3
Earth-Penetrator Weapons

An earth-penetrator weapon (EPW) is designed to detonate below the ground’s surface after surviving the extremely high shock and structural loading that result during impact and penetration. As discussed in more detail in Chapter 4, detonating the weapon beneath the surface greatly increases ground-shock effects, making the weapon more effective in destroying hard and deeply buried targets (HDBTs).

EARTH-PENETRATOR TECHNOLOGY BACKGROUND

Earth-penetration technology in the United States dates to the early 1950s. The Mark 8, a nuclear bomb with the capability to penetrate soil and rock as well as concrete targets, entered the stockpile in January 1952. The Mark 11 bomb, a safety upgrade that replaced the Mark 8 in May 1957,1 was removed from the stockpile in 1958.

Sandia National Laboratories (SNL) initiated an earth-penetration (EP) technology program in 1960.2 The Department of Energy (DOE)/Department of Defense (DOD) programs, now the DOE’s National Nuclear Security Administration (NNSA) national laboratories, and DOD laboratories have maintained continuous EP technology development programs and testing, at various levels of activity, since that time. Of the more than 3,000 EP tests conducted, there are currently 1,084 representative tests recorded in the SNL Earth Penetration Database. Complete characteristics of the penetrators—physical characteristics, impact velocity, impact angle, impact angle of attack, penetrator path length, penetrator rest angle, test location, target site, target material, date of test, and associated programs—are documented in this database. Geologic materials penetrated include sand, silt, and clay soils, frozen soil, ice, and rock. Penetration tests into concrete targets have also been conducted. Target sites were located in Alabama, Alaska, California, Florida, Kansas, Nebraska, Nevada, New Mexico, Texas, and Utah.

Important Parameters of Earth-Penetrator Weapons

Penetration tests have been conducted at various impact angles, angles of attack, and velocities into undisturbed geologic targets to provide insight into how the physical properties of a penetrator affect its



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Effects of Nuclear Earth-Penetrator and Other Weapons 3 Earth-Penetrator Weapons An earth-penetrator weapon (EPW) is designed to detonate below the ground’s surface after surviving the extremely high shock and structural loading that result during impact and penetration. As discussed in more detail in Chapter 4, detonating the weapon beneath the surface greatly increases ground-shock effects, making the weapon more effective in destroying hard and deeply buried targets (HDBTs). EARTH-PENETRATOR TECHNOLOGY BACKGROUND Earth-penetration technology in the United States dates to the early 1950s. The Mark 8, a nuclear bomb with the capability to penetrate soil and rock as well as concrete targets, entered the stockpile in January 1952. The Mark 11 bomb, a safety upgrade that replaced the Mark 8 in May 1957,1 was removed from the stockpile in 1958. Sandia National Laboratories (SNL) initiated an earth-penetration (EP) technology program in 1960.2 The Department of Energy (DOE)/Department of Defense (DOD) programs, now the DOE’s National Nuclear Security Administration (NNSA) national laboratories, and DOD laboratories have maintained continuous EP technology development programs and testing, at various levels of activity, since that time. Of the more than 3,000 EP tests conducted, there are currently 1,084 representative tests recorded in the SNL Earth Penetration Database. Complete characteristics of the penetrators—physical characteristics, impact velocity, impact angle, impact angle of attack, penetrator path length, penetrator rest angle, test location, target site, target material, date of test, and associated programs—are documented in this database. Geologic materials penetrated include sand, silt, and clay soils, frozen soil, ice, and rock. Penetration tests into concrete targets have also been conducted. Target sites were located in Alabama, Alaska, California, Florida, Kansas, Nebraska, Nevada, New Mexico, Texas, and Utah. Important Parameters of Earth-Penetrator Weapons Penetration tests have been conducted at various impact angles, angles of attack, and velocities into undisturbed geologic targets to provide insight into how the physical properties of a penetrator affect its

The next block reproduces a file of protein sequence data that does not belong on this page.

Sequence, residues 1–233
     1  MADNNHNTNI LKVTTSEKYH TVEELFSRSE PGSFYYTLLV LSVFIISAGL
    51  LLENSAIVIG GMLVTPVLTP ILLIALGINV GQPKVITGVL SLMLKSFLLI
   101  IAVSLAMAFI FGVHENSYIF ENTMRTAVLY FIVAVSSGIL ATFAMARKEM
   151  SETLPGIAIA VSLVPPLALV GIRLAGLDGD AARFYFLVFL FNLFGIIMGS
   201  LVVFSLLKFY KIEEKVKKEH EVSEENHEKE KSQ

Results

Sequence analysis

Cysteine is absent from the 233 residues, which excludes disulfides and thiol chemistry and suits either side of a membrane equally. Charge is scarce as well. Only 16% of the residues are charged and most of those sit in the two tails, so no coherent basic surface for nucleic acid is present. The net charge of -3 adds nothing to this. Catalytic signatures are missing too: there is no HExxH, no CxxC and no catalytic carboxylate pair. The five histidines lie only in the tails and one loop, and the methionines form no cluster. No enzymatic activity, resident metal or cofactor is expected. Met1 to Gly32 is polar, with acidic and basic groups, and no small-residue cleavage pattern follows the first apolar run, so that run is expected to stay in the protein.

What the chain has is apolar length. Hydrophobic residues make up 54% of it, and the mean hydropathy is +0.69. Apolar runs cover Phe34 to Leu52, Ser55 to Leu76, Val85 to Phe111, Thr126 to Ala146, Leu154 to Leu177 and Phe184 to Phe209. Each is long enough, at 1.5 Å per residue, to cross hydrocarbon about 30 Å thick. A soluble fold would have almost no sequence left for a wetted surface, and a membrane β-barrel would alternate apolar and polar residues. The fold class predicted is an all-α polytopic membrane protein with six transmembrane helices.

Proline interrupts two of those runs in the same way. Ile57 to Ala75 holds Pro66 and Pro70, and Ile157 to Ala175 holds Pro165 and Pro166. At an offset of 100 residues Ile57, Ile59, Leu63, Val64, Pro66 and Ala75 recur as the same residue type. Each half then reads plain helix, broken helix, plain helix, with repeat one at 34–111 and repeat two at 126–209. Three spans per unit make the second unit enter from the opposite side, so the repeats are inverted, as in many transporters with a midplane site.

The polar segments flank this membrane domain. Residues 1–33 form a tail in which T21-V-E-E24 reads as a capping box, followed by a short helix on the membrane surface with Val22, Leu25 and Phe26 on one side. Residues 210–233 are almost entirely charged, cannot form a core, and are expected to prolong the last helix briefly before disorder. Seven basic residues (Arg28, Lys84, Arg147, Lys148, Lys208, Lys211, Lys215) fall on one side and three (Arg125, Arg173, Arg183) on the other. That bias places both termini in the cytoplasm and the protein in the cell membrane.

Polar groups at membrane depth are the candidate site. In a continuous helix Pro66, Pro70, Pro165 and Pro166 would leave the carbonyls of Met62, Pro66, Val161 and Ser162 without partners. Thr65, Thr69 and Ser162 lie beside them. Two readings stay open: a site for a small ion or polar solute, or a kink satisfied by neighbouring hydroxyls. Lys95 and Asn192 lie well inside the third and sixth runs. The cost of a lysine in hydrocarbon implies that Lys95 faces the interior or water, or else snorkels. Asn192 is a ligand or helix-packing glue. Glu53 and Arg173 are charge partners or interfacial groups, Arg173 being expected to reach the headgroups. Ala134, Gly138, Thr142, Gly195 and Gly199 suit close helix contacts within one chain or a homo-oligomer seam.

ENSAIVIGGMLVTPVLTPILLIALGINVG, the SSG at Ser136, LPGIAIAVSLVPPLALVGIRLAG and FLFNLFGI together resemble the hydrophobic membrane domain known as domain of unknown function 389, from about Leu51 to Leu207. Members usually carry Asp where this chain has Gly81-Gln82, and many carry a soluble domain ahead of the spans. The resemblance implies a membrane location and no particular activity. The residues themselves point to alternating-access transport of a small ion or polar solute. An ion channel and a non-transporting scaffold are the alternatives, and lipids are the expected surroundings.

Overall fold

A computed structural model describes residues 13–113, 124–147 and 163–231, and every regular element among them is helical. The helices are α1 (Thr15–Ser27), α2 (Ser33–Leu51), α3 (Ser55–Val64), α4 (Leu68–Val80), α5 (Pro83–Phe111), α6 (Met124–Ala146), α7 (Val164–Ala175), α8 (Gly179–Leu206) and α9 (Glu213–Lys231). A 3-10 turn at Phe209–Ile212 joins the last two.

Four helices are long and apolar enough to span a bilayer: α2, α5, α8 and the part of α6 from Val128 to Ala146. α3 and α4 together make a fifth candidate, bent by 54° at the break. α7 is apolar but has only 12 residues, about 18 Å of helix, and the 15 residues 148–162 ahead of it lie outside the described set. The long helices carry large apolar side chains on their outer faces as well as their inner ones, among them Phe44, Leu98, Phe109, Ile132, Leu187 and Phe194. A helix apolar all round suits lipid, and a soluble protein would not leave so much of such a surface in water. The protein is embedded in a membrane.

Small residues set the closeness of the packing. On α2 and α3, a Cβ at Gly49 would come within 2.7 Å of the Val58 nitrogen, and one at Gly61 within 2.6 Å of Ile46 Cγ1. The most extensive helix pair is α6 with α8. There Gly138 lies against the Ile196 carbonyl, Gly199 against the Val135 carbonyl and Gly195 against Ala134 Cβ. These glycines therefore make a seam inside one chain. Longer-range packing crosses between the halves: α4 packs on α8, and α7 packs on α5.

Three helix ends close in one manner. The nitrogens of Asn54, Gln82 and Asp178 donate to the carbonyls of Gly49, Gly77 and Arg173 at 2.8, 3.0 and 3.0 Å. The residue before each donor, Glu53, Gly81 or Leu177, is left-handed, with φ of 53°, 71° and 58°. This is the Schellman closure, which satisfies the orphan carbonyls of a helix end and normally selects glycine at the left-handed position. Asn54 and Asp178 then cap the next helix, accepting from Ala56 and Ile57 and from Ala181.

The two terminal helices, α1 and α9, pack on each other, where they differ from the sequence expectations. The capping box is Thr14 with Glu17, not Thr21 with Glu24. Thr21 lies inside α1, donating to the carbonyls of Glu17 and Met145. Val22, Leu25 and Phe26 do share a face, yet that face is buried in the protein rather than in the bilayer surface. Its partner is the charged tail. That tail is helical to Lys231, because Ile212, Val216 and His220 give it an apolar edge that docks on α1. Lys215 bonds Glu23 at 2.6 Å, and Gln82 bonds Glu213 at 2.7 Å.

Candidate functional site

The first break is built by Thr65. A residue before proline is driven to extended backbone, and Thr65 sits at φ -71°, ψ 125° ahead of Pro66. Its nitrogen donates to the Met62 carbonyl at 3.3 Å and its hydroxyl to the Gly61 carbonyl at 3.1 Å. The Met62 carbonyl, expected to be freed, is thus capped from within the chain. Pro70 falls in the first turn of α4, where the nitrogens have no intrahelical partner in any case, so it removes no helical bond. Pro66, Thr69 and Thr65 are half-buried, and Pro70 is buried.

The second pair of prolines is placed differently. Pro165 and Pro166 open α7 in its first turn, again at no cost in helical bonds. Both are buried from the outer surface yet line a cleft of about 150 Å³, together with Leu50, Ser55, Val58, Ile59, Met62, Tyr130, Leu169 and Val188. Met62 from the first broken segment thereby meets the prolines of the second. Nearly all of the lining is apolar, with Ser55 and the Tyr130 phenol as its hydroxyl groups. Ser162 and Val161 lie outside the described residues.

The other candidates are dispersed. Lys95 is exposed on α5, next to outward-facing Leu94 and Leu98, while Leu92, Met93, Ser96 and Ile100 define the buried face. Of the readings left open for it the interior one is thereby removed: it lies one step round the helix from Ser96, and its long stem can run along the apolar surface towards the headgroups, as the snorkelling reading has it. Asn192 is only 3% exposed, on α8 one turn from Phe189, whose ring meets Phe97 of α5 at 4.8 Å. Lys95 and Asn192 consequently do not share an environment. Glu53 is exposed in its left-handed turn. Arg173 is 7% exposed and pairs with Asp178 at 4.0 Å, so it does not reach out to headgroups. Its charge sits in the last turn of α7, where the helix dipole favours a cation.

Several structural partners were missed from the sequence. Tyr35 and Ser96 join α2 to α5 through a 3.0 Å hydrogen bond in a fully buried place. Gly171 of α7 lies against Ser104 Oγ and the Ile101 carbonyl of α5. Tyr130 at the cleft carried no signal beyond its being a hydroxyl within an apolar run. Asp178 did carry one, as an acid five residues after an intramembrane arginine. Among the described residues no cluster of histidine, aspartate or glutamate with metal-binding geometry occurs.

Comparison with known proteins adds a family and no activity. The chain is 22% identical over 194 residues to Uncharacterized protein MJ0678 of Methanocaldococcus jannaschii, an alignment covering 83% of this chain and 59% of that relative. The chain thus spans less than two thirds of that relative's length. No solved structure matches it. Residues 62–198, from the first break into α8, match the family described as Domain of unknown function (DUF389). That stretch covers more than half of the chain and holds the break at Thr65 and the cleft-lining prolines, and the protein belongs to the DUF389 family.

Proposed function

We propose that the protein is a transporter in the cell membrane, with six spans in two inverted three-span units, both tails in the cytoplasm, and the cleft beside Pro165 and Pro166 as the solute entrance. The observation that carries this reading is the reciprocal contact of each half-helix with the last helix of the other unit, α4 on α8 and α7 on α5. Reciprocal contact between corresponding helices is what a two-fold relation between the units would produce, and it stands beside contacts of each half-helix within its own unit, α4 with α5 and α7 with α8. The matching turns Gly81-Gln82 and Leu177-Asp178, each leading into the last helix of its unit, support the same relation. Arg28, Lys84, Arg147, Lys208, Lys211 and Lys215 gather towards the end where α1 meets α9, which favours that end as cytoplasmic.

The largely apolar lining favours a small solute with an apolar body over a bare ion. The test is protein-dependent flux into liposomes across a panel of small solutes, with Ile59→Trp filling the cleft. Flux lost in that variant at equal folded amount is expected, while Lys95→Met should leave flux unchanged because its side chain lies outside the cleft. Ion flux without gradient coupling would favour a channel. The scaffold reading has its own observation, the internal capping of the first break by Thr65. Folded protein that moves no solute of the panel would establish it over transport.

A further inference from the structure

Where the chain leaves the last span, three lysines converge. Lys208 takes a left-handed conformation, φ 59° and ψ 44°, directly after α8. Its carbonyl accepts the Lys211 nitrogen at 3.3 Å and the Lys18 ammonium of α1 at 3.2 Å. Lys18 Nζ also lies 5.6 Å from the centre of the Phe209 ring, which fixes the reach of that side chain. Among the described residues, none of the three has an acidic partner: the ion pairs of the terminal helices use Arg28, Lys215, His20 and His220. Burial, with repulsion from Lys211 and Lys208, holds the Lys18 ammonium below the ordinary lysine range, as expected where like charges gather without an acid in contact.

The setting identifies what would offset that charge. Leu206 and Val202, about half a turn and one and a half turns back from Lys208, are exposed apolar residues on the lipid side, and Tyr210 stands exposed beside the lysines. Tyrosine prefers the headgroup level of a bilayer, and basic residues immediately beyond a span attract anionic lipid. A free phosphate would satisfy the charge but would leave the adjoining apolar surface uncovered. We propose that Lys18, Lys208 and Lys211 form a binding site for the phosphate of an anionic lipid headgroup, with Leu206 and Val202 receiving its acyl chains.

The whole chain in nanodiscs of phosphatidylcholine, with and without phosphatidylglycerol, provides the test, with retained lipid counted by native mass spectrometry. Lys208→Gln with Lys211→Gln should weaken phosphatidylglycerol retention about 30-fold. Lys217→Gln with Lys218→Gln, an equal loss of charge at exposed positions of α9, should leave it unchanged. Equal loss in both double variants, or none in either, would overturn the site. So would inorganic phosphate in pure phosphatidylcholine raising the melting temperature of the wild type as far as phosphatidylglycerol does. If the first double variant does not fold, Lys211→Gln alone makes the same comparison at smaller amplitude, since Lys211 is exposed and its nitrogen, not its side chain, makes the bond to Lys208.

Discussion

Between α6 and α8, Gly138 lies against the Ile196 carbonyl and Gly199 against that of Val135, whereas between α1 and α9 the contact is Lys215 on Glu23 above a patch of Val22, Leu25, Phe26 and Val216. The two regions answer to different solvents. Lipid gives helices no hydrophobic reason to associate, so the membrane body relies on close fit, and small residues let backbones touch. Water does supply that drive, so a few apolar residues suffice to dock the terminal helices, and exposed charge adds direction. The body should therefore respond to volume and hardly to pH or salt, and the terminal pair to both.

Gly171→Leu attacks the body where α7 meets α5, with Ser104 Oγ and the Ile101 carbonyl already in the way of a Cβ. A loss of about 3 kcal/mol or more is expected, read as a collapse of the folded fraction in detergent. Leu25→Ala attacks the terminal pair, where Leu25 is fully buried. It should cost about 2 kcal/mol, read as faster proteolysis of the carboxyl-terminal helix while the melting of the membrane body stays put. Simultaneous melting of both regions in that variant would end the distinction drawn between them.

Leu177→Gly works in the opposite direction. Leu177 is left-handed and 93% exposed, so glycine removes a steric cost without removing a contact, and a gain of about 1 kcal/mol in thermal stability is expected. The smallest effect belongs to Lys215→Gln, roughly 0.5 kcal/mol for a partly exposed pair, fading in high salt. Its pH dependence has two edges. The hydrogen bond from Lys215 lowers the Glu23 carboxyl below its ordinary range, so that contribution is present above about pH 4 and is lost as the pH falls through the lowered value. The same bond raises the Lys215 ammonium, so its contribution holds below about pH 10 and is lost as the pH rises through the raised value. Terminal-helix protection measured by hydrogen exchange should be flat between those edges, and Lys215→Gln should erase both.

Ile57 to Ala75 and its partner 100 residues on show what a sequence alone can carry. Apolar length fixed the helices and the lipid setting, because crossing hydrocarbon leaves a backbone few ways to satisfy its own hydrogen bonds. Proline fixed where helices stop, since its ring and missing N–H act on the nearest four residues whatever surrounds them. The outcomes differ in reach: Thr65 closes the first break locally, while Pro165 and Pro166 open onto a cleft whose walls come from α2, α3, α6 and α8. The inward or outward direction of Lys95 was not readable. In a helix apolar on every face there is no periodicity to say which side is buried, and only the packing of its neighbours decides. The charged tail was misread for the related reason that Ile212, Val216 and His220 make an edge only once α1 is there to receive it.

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Effects of Nuclear Earth-Penetrator and Other Weapons performance. Data in the SNL database were obtained from weapon-sized penetrators instrumented to measure axial and lateral penetrator acceleration, strain in the EP case, and the structural response of internal components. Based on these data, Box 3.1 lists and defines physical properties of an EPW and impact conditions that are important in the design of an EPW. Figure 3.1 shows a typical EPW case configuration. The ogive nose shown in Figure 3.1 is a ballistic shape that is formed by rotating an arc of radius Ro, tangent to the cylindrical body around the centerline of the body. A 6 caliber radius head (CRH) ogive nose is generally used on an EPW that is designed for the penetration of hard material at velocities of less than 900 meters per second. For higher velocities, a 3 CRH (blunter) is recommended in order to maintain penetrator stability. For impact velocities less than 300 meters per second into hard or frozen soil, a 9.25 CRH nose or a length-to-diameter ratio of 2 for cone-shaped-nose penetrators (sharper noses) can be used, since nose tip heating is not a problem at lower velocities. The flare on the rear of the penetrator in Figure 3.1 is important for penetrator stability if the length-to-diameter ratio of the EPW is less than 6. BOX 3.1 Important Earth-Penetrator Weapon Parameters Physical Characteristics N: nose shape d: body diameter, m L: total penetrator length, m m: total penetrator weight, kg A: cross-sectional area, m2 m/A: cross-sectional density, kg/m2 Impact Conditions V: impact velocity, m/s θ: impact angle between velocity vector (trajectory angle) and target surface α: angle of attack, angle between velocity vector (trajectory angle) and earth-penetration axis FIGURE 3.1 Typical earth-penetrator weapon case.